I've been thinking a lot about book titles the past couple of days. More specifically, I've been pondering the title of my first novel, Even the Wind, and whether I got it right. Am I doing the book justice with a title that makes an oblique reference to a quote found elsewhere? (More on the title's origins below) Am I being too cute? Does the title fail to communicate the nature of the book to a potential reader. `Even the Wind' is a crime procedural with a tinge of biotech thriller. Kind of like if Michael Crichton and Ian Rankin had a love child. Now there's an image you might want to consider for a bit! 

So what of it? And how important are book titles? 

The books I like have strong, communicative titles. You see them on the shelf, and you know what you're in for. Take `Gorky Park' by Martin Cruz Smith. That title is so rooted in place and atmosphere that it conveys in two simple words a complete, complicated backstory. Or how about `Polar Star,' the Arkady Renko sequel? Again, same effect. Strong words. Clear pictures. 

Some are more lyrical. Think here of Ian Rankin's `Standing in Another Man's Grave,' ``Saints of the Shadow Bible' or `Impossible Dead.'' All strong titles, but with a cadence altogether more musical than that found in Martin Cruz Smith's work. Then there's Rankin's newest book `Even Dogs in The Wild,'' which shares a kind of starting point with my own title.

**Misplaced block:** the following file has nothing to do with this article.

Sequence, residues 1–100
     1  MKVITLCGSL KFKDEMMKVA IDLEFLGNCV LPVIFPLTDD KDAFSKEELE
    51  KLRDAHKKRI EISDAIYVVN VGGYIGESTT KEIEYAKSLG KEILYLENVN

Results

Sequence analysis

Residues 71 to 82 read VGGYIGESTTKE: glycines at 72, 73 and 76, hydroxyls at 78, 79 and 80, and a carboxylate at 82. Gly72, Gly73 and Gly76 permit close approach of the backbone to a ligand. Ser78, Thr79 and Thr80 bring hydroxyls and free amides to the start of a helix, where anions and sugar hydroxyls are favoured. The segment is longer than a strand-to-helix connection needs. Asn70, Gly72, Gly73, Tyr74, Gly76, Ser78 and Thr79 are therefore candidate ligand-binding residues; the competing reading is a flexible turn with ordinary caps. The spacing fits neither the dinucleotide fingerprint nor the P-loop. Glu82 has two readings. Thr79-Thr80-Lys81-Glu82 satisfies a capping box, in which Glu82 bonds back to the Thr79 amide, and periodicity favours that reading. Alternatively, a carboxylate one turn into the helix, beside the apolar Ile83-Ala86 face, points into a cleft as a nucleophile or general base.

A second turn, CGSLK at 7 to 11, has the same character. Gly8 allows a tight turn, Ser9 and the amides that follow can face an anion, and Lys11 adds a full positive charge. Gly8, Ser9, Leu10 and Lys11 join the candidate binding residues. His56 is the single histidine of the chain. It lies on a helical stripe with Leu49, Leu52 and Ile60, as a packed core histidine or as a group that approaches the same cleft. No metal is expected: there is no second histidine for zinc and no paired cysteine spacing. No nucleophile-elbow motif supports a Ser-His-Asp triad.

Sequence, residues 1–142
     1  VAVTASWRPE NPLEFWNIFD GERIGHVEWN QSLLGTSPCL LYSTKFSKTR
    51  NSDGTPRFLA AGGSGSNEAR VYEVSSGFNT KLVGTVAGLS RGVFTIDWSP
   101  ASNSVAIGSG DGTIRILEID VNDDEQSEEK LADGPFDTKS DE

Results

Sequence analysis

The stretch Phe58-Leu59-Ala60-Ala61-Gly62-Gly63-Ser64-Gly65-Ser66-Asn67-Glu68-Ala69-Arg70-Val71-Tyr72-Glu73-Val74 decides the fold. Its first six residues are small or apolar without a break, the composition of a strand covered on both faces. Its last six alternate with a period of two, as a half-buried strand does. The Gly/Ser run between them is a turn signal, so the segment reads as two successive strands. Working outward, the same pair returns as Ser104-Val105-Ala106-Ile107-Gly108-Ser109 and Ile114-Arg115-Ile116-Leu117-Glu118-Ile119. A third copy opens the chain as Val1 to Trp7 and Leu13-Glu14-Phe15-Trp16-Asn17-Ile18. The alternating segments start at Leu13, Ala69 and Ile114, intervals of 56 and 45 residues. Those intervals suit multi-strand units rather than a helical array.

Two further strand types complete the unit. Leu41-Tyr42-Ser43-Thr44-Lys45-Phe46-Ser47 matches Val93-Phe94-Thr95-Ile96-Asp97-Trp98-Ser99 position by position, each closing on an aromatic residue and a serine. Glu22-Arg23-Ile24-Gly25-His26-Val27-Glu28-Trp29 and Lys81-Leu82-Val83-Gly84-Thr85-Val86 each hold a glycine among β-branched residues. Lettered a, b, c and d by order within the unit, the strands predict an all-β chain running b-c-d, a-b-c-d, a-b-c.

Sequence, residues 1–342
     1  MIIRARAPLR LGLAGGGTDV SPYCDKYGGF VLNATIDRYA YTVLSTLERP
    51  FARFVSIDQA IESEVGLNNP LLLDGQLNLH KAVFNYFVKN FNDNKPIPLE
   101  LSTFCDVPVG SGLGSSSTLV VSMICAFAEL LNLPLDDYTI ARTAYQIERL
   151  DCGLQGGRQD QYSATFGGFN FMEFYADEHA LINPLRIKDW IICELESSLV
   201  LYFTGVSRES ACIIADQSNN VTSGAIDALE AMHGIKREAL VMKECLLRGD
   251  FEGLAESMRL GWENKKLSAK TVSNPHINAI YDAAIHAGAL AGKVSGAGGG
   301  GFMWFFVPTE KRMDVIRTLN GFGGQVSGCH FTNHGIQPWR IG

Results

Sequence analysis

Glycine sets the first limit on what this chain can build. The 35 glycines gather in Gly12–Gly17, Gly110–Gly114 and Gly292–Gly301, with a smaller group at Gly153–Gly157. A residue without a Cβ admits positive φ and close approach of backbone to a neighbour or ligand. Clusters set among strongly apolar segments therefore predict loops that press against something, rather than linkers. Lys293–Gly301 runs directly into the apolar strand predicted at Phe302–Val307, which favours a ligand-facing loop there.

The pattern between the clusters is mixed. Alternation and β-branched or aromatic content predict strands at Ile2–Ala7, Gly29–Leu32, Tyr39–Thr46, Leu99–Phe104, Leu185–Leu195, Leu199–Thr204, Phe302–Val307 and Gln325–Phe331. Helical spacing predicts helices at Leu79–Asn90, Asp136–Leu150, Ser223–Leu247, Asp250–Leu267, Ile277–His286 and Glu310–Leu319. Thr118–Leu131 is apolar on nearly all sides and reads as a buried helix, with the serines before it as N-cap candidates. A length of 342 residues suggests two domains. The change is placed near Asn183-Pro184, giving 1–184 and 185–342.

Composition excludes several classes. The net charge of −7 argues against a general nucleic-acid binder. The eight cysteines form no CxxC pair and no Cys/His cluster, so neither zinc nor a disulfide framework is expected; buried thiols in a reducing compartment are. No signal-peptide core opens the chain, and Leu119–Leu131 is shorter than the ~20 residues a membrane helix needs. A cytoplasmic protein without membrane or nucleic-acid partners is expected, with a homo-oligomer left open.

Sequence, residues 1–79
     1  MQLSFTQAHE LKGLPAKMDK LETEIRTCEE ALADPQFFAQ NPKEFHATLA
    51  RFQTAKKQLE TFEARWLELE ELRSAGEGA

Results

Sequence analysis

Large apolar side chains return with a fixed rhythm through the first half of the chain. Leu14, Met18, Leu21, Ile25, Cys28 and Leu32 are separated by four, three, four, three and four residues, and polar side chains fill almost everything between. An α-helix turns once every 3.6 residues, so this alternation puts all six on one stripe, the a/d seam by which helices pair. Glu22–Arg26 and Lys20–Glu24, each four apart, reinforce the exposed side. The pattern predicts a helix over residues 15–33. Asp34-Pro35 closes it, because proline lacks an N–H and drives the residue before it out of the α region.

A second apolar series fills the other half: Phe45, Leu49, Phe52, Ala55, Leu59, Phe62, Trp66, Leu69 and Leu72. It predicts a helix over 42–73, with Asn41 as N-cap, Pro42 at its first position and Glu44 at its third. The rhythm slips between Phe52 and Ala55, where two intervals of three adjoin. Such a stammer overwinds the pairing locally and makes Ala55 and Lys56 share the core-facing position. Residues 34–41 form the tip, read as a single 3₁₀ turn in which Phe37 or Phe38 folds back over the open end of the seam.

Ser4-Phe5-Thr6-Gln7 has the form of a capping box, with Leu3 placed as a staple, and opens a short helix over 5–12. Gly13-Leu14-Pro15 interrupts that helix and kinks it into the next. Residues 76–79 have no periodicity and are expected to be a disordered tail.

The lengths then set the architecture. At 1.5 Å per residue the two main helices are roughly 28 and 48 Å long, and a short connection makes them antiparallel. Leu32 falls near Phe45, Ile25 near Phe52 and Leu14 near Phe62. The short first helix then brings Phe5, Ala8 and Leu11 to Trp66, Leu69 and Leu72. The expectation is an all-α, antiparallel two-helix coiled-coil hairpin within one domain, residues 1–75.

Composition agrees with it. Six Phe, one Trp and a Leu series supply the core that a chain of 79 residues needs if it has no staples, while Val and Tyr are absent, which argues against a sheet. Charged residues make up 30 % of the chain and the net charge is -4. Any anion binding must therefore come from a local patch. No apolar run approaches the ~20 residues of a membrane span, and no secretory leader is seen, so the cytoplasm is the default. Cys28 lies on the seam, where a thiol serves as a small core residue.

Perhaps the best presentations of `literary' titles belong to the work of Ernest Hemingway. Who can forget `A Farewell to Arms' or `To Have and Have Not' as the best examples of the craft in my opinion. In the Hemingway Library Edition of `The Sun Also Rises,' Hemingway's grandson, Sean Hemingway, tells of how the great writer's first novel takes its title from the Old Testament. Apparently, it was one of five biblical titles that Hemingway considered. The Appendix of the Library Edition lists some of the other considered titles as `River to the Sea,' `Two Lie Together,' and `The Old Leaven.' Would Hemingway's first novel have had such a resounding impact had it borne another title? One will never know, but it's hard to imagine the work under any other name.

So what of my own effort? Caution, mild spoilers ahead:

`Even the Wind' takes its title from a biblical reference, which is odd in a way since the book has very little to do with religion or the Bible. The passage in question can be found in the Epigraph at the front of the book. I won't say too much because I don't want to give anything away, but let me just say that the passage, which is about God's sovereignty over the forces of nature, plays a fairly prominent role in the unravelling of the mystery behind the murdered woman at the center of the book. Saying anything more might spoil some of the fun so I'll leave it at that for now.

Does the title work? I'll let the reader decide. If you feel the inclination, drop me a line at ebooks@kissakibooks.com and tell me what you think, or send me a Tweet.

Reminder, only a few more days until the Kindle Scout campaign comes to an end. After that, I'll be releasing the publication date. Until then, happy reading.

Cheers, Phillip